Monday, May 27, 2013

Discovering the Cultural Side of Phuket Town

The Phuket Walk Rally was organised by the Tourism Authority of Thailand (TAT) and a number of other local businesses to promote cultural tourism in Phuket.

I decided to sign up because it was advertised as an ‘investigative tour of Phuket Old Town’, so I thought it would be interesting to see a different side of Phuket, beyond the white sandy beaches. Oh, and plus there was also a bunch of prizes promised to be won at the event. Winning prizes and learning more about beautiful Phuket? Sounded like a great way to spend my Saturday! 

Upon registration, we were supplied with orange t-shirts, shoulder bags, three sets of question sheets and a pen, and once we collected our ‘detective gear’, we set off to explore the old town at our own pace. 

Our first task was to answer a few questions on the sheet by interviewing TAT staff dressed in traditional Phuket costumes stationed along Thalang road. Most of the questions were quite cultural, for example, one of the questions was “what is the word used to describe the 19th Century Chinese immigrants to Phuket?” The answer was “Peranakan”, literally meaning ‘descendants of’; we also found out later that the term was also used in 15th-16th century describing Chinese immigrants in Malaysia, Indonesia and Singapore.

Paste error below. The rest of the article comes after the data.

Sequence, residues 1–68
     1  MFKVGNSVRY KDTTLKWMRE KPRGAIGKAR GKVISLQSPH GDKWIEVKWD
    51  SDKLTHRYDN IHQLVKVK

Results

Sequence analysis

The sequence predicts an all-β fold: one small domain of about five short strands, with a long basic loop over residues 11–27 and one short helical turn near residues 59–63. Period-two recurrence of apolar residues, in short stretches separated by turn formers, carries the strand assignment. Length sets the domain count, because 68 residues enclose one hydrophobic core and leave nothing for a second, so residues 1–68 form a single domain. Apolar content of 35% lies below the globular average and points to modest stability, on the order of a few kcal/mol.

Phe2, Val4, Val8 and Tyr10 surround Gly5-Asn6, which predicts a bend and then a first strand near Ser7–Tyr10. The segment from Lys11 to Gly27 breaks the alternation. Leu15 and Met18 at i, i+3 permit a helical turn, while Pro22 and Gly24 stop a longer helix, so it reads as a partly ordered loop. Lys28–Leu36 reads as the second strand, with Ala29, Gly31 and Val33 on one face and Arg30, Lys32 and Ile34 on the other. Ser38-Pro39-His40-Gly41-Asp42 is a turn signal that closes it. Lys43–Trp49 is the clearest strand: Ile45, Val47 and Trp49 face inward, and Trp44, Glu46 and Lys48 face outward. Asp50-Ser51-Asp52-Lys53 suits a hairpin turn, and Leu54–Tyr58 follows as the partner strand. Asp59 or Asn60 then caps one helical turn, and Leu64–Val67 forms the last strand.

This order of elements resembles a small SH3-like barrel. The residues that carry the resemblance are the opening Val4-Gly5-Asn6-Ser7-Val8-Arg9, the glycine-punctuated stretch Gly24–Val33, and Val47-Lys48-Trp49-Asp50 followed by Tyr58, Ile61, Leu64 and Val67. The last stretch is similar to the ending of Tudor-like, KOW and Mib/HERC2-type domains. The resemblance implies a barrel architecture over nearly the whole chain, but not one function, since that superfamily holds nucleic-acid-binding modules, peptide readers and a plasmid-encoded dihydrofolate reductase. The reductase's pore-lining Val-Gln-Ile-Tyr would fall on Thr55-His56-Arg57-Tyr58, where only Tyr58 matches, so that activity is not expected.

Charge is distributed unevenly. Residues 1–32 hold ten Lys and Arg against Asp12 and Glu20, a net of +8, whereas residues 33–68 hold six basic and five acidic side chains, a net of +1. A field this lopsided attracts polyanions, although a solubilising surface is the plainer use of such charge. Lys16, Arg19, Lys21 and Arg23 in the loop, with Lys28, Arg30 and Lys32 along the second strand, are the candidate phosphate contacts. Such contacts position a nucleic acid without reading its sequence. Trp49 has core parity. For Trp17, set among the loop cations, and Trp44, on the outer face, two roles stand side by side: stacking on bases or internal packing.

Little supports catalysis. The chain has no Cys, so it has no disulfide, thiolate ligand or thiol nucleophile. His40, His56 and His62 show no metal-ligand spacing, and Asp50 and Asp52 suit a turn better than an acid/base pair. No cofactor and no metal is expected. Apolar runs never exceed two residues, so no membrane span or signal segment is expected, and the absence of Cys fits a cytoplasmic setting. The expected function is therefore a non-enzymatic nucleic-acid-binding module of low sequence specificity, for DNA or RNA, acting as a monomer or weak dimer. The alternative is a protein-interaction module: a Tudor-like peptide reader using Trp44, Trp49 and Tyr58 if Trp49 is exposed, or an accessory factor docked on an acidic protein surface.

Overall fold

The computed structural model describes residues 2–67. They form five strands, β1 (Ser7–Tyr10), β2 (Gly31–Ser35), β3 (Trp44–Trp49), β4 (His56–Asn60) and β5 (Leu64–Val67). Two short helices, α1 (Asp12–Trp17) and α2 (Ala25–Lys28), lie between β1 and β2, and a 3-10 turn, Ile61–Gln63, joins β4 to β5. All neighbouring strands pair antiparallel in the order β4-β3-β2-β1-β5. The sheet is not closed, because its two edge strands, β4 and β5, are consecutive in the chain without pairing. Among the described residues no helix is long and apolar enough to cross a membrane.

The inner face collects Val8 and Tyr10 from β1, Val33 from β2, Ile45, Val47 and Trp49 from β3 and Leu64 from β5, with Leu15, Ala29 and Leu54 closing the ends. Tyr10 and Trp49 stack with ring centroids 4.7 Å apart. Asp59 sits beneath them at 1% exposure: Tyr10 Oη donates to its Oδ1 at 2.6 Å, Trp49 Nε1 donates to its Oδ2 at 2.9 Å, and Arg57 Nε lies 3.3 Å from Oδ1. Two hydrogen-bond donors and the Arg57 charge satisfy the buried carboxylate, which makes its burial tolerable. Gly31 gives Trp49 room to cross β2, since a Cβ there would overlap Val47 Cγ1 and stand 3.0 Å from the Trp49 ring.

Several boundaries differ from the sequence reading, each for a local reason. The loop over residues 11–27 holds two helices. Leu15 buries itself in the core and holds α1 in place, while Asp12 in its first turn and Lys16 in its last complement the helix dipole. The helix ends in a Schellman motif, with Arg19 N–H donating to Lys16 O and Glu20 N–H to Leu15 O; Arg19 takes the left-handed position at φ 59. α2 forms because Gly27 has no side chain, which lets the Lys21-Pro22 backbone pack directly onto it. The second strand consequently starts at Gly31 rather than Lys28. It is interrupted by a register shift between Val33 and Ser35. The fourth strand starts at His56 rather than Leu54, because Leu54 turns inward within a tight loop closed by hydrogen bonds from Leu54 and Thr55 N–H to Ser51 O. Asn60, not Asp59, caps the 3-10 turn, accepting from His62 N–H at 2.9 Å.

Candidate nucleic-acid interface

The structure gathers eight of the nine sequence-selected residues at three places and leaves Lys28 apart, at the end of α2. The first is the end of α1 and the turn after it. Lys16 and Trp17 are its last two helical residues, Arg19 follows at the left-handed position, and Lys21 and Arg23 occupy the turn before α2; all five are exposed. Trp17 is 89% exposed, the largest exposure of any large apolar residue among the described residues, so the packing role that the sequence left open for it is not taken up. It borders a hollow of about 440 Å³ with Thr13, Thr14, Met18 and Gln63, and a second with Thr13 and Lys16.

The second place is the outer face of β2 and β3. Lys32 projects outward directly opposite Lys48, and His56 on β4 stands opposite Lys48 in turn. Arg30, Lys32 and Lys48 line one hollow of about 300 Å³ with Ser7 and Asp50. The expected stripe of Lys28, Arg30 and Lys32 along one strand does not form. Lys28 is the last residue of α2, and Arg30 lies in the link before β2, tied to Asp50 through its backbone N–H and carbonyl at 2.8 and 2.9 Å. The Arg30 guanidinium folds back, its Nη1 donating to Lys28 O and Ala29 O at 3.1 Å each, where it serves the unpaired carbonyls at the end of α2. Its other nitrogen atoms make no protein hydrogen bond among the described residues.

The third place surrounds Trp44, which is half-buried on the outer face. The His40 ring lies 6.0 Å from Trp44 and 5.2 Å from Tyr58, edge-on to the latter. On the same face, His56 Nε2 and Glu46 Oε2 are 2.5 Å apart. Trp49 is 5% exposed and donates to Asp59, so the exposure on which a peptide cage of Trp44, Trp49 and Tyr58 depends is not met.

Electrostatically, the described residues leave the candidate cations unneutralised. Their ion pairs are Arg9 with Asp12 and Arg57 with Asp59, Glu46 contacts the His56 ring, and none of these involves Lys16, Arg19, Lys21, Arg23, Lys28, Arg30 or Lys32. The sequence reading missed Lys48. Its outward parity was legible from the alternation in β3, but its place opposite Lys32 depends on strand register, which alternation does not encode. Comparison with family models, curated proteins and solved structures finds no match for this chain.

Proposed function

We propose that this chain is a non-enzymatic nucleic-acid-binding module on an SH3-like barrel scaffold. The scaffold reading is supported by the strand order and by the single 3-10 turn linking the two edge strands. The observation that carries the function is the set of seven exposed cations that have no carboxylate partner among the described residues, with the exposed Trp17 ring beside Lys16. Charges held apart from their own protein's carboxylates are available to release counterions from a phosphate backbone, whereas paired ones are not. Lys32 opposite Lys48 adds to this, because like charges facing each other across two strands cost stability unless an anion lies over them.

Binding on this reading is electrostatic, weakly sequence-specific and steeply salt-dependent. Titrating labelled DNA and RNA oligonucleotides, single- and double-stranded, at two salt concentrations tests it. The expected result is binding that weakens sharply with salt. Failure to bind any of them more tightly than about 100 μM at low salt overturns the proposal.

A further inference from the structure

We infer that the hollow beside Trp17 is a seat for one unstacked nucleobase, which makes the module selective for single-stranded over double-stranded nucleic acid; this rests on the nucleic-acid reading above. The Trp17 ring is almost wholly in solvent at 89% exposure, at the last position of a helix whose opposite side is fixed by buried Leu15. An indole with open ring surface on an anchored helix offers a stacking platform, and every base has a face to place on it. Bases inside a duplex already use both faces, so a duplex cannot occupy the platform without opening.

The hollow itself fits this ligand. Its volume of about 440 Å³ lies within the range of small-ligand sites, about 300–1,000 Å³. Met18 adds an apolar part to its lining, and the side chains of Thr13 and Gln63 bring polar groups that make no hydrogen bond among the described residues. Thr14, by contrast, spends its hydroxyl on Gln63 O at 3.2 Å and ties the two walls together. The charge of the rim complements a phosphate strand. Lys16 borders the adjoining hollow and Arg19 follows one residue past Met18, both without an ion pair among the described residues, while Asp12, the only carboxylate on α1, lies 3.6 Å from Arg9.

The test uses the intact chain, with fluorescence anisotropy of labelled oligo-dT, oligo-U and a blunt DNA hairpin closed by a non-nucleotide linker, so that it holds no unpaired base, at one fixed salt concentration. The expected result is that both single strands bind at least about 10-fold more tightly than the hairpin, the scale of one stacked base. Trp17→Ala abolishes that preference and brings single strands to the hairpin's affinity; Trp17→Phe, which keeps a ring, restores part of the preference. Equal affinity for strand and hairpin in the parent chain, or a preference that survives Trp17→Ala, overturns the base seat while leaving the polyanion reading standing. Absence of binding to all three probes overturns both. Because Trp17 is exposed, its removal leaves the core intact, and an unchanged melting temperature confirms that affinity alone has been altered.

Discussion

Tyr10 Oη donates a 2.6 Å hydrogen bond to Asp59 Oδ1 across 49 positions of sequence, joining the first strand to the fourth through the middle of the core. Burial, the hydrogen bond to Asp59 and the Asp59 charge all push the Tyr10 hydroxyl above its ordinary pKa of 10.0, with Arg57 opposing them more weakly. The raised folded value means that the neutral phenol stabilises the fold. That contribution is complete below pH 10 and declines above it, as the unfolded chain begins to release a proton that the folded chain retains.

The next set of questions were more of a ‘Treasure Hunt’ – there were photographs of things on the side of the road and you simply had to find them – it sounded easy, but it was harder than I had imagined! There was a lot of patience involved when you’re trying to find a painted inscription on a random wall or a small sign written in Chinese somewhere in Phuket Town. 

The third sheet took us to the Thai Hua Museum where we were able to investigate the traditional foods of Phuket. This was tough because I was having too much fun ‘sampling’ the foods in the nearby market, which made the investigation a lot longer than it probably would’ve been.  Along with the locals, my favourite was the ‘o-ew’, a bright-pink jelly made with bananas and Chinese herbs, served with shaved ice, red beans, grass jelly and red syrup. It was just the refreshment I needed after a morning of treasure hunting.

By the time we reached the fourth set of questions, we were tired. Instead of powering through, we succumbed to the attraction of the coffee and cake shops that are scattered around Phuket Town.

Obviously, our team didn’t win, but I had a great time being a cultural Sherlock Holmes for the day! The experience gave me an excellent idea for future guests. I think I will make my own version of a Phuket ‘Treasure Hunt’ for my friends; it’s a great way to discover the city and learn some of the interesting history behind this beautiful place!


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